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News > World

What Latin American Scientists Have Won a Nobel Prize?

  • Latin American scientists have faced unique challenges in terms of funding and resources.

    Latin American scientists have faced unique challenges in terms of funding and resources. | Photo: X/ @EstudiarenPeru

Published 27 April 2024

Know who are those Latin American scintists who have won this high laurate. In next articles there will be more abaout they and the science in Latin America.

Latin American scientists have made important contributions to science throughout history, although the number of Nobel Prize winners in the region has been relatively low compared to other parts of the world. However, those who have been awarded have left a significant legacy in various fields.


Latin Americans Who Have Won the Nobel Prize in Literature

The first Latin American scientist to win the high distinction was Bernardo A. Houssay, in Physiology and Medicine in 1947. His merit was for the discovery of the role of the pituitary hormone of the anterior lobe in the metabolism of sugar, precisely the discovery of the regulating hormone of sugar in the blood and its demonstration of the complex interaction of hormonal effects.

Luis Federico Leloir was the second one in 1970. In that year he received the Prize for his discovery of nucleotides-sugars and their role in the biosynthesis of carbohydrates. He was Argentine too, obtained his PhD in Medicine at the University of Buenos Aires in 1932, and there he began to dabble in research linked to carbohydrates and their intricate metabolism.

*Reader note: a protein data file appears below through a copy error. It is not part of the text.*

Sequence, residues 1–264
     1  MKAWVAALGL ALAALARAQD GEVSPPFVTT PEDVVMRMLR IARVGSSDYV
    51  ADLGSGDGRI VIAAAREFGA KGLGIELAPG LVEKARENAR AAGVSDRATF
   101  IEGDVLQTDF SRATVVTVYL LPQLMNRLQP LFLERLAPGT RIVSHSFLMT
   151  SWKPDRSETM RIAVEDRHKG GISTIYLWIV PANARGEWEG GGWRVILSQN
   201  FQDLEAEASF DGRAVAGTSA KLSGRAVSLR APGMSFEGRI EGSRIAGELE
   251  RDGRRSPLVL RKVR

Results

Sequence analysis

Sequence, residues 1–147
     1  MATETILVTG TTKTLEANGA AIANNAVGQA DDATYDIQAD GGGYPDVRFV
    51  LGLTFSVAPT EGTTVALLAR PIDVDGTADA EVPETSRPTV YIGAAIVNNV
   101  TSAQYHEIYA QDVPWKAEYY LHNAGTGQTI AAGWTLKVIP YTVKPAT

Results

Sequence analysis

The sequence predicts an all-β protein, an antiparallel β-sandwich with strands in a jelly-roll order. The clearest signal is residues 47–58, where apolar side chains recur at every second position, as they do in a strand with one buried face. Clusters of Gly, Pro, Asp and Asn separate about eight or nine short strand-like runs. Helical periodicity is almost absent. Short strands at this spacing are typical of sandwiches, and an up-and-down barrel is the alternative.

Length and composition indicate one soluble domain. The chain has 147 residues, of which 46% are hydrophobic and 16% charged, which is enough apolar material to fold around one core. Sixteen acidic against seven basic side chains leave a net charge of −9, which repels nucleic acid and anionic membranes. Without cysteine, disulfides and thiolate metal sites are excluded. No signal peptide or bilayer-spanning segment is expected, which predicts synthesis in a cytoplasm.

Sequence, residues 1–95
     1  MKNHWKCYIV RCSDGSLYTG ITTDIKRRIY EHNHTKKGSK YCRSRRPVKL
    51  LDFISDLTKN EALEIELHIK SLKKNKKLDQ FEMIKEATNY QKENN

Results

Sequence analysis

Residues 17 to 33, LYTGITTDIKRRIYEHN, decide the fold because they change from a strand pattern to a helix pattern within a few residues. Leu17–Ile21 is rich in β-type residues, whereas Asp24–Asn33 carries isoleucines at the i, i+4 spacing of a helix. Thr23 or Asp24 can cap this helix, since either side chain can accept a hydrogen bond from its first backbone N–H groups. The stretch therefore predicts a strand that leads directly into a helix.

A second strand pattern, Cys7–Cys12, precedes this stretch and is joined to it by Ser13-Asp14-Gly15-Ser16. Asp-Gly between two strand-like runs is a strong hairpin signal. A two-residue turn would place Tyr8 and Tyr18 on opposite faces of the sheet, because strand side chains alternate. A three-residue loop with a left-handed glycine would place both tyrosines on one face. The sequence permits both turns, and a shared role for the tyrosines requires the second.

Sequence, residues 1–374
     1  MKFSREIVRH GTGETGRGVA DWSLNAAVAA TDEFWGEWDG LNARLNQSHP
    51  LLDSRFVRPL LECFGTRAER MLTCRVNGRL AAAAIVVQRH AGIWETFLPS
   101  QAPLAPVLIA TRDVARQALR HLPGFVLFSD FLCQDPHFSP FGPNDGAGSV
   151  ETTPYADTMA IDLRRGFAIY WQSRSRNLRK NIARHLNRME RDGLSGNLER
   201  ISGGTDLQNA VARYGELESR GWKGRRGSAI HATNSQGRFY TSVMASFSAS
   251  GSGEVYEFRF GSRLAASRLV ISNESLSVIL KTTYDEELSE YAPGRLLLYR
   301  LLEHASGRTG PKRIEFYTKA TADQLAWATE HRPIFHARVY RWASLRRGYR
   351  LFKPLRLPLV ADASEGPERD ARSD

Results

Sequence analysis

Baruch Benacerraf was a Venezuelan scientist of Sephardic Moroccan origin who received the 1980 Nobel Prize in Physiology and Medicine for contributing to the discovery of cell surface structures that regulate immune reactions. Author of approximately 300 articles and books, he was one of the founders of Immunology as we know it today.

Another laureate is César Milstein, who shared the Nobel Prize in Physiology or Medicine in 1984 for his discoveries on the production of monoclonal antibodies. This breakthrough revolutionized medicine by allowing the creation of more specific and effective treatments for a wide range of diseases, from cancer to autoimmune diseases.

In addition, Mario J. Molina received the Nobel Prize in Chemistry in 1995 for his research on atmospheric ozone degradation, which helped raise awareness of the problem of climate change and led to the adoption of the Montreal Protocol to protect the ozone layer. His discovery generated a turning point: gradually the use of CFCs, both from industry and domestic aerosols was stopped.

These examples show that, although Latin American scientists have faced unique challenges in terms of funding and resources, their dedication and talent have allowed their contributions to transcend borders and benefit humanity as a whole.

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